Continuing the Q&A session…
Susan: (From the AI video). What an education! Did he have several Bulls semen to choose from in the container? Yes, I think so. You can keep quite a few straws of semen in a tank that size. You must keep the tank filled with liquid nitrogen to keep it frozen. Similar to dry ice’s ability to disappear into nothing, liquid nitrogen does the same thing, that’s why you put the lid back on quickly (plus keeping the semen frozen).
Marilyn: (also concerning the AI video) Very interesting video. What percentage of success is the result? I looked up what statistics say, and they quote a success rate of 50-65%. We usually hit in the 60 percent range, but I think Brandon said this year was a bit better.
Joan: Skid steer??? What is that, please? It sounds like a cow that’s run amok ; ) The new fence is beautiful. Has it really been there over the winter, or is it as new as it looks? You made me laugh! A skid steer is a small piece of equipment that can come with lots of different attachments for different jobs. You’ve probably seen them on tv loading pallets of products on trucks or in warehouses. We have a post hole digger, a post pounder, pallet forks, and a wire winder for ours. That fence was built last year and we are having him build more this year.
Karyn: (also about the new fence) Lots better! I always wish the old ones could talk and tell of times past. Is the new fence more wildlife friendly for elk and antelope? Yes, it definitely is. I can’t remember the exact dimensions but the top fence wire is about 41” and the bottom one is about 16” from the ground. The bottom wire is smooth not barbed. There are regulations about how it is to be built, I just have a bad memory! I think the main idea is to get away from the woven wire that was standard for sheep fencing since the Big Horns used to be tremendous sheep country.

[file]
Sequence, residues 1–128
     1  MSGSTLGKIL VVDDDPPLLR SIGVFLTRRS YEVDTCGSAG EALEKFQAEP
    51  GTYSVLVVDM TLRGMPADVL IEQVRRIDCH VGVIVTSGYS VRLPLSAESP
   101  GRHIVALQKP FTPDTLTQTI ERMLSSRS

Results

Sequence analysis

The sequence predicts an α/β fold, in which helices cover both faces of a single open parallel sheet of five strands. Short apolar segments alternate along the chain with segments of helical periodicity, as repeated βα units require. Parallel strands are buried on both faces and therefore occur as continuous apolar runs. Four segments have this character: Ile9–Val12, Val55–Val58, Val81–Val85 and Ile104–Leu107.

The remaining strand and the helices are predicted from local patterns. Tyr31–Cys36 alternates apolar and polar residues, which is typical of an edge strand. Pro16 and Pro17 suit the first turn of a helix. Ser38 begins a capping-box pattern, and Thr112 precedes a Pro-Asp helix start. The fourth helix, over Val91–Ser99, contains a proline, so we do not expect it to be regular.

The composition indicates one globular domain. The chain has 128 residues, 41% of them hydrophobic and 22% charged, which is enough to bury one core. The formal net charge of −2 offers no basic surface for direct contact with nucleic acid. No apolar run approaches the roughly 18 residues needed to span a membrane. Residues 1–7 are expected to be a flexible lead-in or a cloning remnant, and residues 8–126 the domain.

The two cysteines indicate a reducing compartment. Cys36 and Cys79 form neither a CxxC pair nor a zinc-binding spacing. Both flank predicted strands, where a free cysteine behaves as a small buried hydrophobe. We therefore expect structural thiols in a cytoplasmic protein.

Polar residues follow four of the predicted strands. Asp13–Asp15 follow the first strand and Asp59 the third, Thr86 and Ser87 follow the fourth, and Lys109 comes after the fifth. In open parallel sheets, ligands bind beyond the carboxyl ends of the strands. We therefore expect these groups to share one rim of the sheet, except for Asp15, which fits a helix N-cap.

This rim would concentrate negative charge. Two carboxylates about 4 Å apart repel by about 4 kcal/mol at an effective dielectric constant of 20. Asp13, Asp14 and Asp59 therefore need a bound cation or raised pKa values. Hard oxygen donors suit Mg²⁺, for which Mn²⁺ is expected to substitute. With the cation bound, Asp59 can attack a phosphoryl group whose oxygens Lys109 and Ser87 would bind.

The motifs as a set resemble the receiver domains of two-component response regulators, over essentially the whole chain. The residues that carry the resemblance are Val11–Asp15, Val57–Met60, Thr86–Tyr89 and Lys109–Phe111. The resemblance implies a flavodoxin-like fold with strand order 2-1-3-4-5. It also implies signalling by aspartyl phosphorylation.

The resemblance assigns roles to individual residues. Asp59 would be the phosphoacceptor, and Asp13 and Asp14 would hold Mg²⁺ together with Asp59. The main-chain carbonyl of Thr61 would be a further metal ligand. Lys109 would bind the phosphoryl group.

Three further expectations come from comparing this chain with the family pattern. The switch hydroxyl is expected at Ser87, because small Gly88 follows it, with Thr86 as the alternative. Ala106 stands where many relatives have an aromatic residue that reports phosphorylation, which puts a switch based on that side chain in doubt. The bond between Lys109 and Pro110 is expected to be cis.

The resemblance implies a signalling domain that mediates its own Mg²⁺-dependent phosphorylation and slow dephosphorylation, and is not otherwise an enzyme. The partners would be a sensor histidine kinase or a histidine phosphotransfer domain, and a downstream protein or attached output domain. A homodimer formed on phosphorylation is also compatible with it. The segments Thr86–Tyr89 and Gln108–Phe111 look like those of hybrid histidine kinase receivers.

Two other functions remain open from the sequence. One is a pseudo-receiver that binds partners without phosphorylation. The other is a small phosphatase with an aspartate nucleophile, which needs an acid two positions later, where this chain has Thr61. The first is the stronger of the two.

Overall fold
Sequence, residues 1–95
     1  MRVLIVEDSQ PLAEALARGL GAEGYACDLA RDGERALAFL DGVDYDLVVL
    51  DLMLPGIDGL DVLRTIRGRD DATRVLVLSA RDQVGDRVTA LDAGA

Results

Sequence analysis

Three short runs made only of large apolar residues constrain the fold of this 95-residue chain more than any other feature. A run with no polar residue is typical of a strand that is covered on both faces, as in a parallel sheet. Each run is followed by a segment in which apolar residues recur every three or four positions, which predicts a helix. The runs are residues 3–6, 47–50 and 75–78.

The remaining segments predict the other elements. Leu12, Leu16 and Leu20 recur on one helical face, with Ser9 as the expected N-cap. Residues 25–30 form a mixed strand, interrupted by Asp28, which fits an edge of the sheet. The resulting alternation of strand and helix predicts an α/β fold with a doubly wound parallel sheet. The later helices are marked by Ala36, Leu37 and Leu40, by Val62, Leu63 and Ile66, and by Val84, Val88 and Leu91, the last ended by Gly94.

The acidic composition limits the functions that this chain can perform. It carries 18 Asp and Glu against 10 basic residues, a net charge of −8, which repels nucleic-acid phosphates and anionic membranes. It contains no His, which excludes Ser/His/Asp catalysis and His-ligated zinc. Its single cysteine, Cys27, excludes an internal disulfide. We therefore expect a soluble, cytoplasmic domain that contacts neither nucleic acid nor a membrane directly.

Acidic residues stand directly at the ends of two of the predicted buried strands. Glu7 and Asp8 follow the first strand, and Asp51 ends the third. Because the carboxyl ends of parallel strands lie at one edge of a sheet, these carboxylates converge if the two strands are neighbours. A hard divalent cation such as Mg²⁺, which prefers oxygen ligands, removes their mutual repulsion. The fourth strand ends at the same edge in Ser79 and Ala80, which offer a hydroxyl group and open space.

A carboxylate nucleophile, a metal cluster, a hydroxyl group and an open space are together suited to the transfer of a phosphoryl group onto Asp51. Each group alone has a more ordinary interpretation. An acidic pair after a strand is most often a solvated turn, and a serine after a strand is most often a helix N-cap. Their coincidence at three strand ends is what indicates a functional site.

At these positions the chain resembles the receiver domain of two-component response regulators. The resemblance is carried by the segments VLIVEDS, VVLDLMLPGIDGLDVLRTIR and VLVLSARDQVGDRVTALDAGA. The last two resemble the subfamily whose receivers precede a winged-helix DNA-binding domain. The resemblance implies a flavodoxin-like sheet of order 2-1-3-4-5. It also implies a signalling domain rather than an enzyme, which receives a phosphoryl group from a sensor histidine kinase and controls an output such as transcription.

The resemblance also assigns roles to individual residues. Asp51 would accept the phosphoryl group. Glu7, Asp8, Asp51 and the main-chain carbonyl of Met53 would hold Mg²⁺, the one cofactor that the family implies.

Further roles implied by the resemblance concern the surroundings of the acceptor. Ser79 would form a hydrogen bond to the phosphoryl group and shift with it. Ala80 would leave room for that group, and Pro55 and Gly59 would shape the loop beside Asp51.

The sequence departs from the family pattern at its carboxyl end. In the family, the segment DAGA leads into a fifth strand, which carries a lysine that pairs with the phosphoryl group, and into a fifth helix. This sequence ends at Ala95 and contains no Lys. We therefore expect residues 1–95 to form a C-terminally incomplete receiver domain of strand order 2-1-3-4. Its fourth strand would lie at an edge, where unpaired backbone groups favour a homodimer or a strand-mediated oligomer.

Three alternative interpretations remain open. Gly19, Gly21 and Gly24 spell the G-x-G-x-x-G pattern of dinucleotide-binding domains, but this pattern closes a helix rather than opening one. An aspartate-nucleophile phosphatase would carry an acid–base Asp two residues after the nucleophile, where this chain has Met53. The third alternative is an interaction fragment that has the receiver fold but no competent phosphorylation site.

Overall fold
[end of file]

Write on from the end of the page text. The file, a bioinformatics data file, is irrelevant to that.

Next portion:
Joan: So the goldfish stayed in there for the winter? Or was he somewhere else? Do you have trouble with critters (here it’s probably raccoons)? Why were you trying to catch him? Yes, I originally had 9 goldfish for in my pond for summer. In the fall, when I had to drain it, I’d put the goldfish in water troughs around the place, so long as there was no connections from the overflow to any creeks. We’ve had one local fishing reservoir ruined by someone putting their goldfish in it. I wouldn’t want to do that. Since the troughs run off well water, it’s warm enough for them to survive and there’s moss and stuff for them to eat. He did die this summer but two years for a goldfish is probably pretty good.
Marilyn: Wondering when you start to learn the roping skills that are needed on the ranch? Like any toys, the kids pick up ropes on occasion and play with them. The kids rodeo is a little incentive while they’re little and I wish they continued it for the older kids. Skills with a rope have faded a bit on our place. The main use for roping is at branding and doctoring in the pasture. Anymore, if we have to doctor, many times we will use a dart gun instead of roping them. Putting added stress on a sick calf can have bad outcomes. Not that we don’t rope and doctor, I have a good video of Daniel doing that earlier this year. Roping is very difficult. You have to control your rope, control your horse, watch the calf, and time your loop with its movements. Kind of a pat your head and rub your belly while walking a scared dog on an icy lake. Kids learn the parts of it and then probably are coordinated enough to start about 12 or 13.
Joan: (concerning Jaxon’s field trip with his class) What a small class! Was that everybody? Yes! Ten Sleep School is a K-12 school, all in one building, with enrollment hovering somewhere about 110, I think. It was twice as big when Vernon went to school there.
Thanks, everyone! I like Q&A sessions!Find me here!